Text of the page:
I recently read a great article on Medium on how there's a prevalent attitude among many designers about working on Android. It's often viewed as a second-class citizen in the eyes of people who are used to, and comfortable with, the pixel-perfection of iOS. It made some terrific points around why the community should take it more seriously, all of which I won't summarize but instead I'll highlight one I found very salient: that the diversity of Android screen sizes and devices poses a positive challenge for those looking to expand their skills as opposed to it being a reason to avoid the platform.
For a very long time, iOS was favored as a design target due to its predictability and constraints. There was a logic to designing for it, and it made sense. Pixel for pixel, you knew where you stood. And when Retina displays deepened the density of those pixels, there was an adjustment, but visual style went through the roof with the clarity it afforded. But for Android, where device targets were widely scattered across innumerable combinations of screens and technologies, it wasn't so clear.
Fragmentation is of course the bête noire of Android design, and is certainly a challenge for designers and engineers alike. But the word itself reflects a subtle framing issue. It’s not hard to think of positive synonyms: fragmentation as choice; fragmentation as diversity.
As web designers have learned over the last few years, device diversity is natural, welcome, and manageable. Many responsive web design techniques — eg fluid layout, breakpoints, resolution independence — are essential principles of Android design. In fact, they’re handled in a more technically profound way on Android than the web.
Android design is indeed more difficult than iOS design in that it offers fewer constraints. But any skilled designer can handle that with a bit of effort. My uncharitable interpretation for this class of responses is simple laziness, and if Android forces designers to drop a pixel-perfect mentality and adopt approaches that suit a diverse world, then that’s no bad thing.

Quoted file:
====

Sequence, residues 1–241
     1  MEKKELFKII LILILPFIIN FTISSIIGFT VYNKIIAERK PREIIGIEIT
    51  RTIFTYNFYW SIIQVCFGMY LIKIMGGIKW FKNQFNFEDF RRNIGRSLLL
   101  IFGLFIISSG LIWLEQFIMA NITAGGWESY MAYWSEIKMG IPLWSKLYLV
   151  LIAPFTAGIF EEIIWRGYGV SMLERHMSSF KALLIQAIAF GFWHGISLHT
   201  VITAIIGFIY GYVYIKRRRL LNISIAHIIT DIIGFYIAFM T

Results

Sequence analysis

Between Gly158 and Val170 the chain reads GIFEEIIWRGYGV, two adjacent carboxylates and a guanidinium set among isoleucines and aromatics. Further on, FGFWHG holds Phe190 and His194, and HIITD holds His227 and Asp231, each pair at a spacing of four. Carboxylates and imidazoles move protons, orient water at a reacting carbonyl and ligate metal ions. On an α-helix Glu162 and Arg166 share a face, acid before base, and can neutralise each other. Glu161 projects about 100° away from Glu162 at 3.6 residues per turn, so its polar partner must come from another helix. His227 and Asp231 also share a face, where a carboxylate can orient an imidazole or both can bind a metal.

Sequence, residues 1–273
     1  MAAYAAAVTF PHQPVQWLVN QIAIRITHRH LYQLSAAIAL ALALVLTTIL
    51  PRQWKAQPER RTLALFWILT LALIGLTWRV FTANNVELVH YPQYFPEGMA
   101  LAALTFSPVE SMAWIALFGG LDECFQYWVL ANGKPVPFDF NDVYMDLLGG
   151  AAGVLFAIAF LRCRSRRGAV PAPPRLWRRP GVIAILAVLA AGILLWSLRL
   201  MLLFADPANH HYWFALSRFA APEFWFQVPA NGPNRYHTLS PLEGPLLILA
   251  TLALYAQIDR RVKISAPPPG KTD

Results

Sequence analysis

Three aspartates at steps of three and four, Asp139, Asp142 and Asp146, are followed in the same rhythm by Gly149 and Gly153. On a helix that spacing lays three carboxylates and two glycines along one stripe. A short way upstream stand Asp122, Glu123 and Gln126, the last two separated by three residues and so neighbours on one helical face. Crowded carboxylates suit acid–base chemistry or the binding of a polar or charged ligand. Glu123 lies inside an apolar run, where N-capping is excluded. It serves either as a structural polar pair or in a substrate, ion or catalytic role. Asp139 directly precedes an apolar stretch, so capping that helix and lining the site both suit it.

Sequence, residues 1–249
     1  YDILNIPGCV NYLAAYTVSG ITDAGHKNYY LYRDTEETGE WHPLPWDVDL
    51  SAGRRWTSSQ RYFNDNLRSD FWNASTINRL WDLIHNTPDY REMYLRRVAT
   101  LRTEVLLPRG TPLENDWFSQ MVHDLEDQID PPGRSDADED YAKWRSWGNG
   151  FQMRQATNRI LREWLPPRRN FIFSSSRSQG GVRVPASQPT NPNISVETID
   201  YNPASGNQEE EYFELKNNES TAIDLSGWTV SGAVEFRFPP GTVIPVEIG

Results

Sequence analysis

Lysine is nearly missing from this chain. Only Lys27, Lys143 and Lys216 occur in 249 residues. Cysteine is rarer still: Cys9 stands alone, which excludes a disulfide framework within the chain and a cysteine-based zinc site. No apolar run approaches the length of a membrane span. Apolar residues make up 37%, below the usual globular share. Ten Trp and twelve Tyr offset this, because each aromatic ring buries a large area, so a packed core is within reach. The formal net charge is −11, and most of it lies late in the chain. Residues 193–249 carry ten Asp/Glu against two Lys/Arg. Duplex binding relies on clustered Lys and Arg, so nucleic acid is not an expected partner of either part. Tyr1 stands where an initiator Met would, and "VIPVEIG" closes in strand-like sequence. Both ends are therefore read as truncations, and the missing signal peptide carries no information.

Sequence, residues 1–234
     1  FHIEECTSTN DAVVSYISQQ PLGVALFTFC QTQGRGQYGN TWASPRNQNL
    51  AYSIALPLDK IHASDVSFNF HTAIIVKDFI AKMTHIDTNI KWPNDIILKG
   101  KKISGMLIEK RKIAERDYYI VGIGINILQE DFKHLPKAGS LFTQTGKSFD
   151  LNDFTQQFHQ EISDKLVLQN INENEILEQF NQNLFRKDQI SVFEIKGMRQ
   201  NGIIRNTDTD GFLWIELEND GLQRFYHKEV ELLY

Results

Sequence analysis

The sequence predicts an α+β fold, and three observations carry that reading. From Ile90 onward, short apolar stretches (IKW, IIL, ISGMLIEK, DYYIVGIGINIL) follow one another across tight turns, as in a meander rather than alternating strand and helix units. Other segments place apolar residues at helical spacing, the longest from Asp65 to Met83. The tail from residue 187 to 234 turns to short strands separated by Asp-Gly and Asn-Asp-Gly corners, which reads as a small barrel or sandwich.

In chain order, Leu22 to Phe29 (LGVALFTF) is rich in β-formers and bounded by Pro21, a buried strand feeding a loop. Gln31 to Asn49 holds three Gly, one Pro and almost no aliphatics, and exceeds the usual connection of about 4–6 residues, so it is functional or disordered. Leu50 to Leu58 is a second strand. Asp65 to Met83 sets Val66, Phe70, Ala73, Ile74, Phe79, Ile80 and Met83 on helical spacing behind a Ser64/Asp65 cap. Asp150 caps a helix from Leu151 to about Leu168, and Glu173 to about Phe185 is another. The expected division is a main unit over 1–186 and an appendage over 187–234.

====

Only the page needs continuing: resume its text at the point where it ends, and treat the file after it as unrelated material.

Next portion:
It's important to focus on the details and to get things as close to perfect as you can stand, but there's really something to be said for allowing yourself to adapt to a changing environment and grow in your thinking and approach to solving a problem. A lot of the designers here–myself included–have often bemoaned the aggravating aspects of taking our battle-hardened skill set on iOS and trying to make it work on Android. And I'm not talking about creating a platform-specific experience; we understood implicitly why that's important as the platform continued to grow, and the work that Google has done to make Android truly look great really shows around the OS. But the technicalities of design don't always translate and you really need to use new strategies to solve what feels like the same problem in a new way.
This can be super frustrating, but as the author points out, there's no harm in becoming a better designer by working harder to figure out how you want to achieve your vision. Giving up and making excuses based on your own willingness (or lack thereof) to commit to a new way of doing things is ultimately going to be a detrimental approach to your growth as an artist and professional.
The mobile space continues to blow me away with both its pace of innovation and the sheer saturation in the minds of almost everyone you come across. Never before has there been a consumer technology so universally adopted and positioned to change the way we live our lives. Seeing the growth of Android and iOS as well as the same applications extended to new devices like cars, televisions, and wearables, it's easy to plot this trend line. If you artificially hamstring yourself by only allowing yourself to grow in one dimension right now, you're going to have a lot of catching up to do.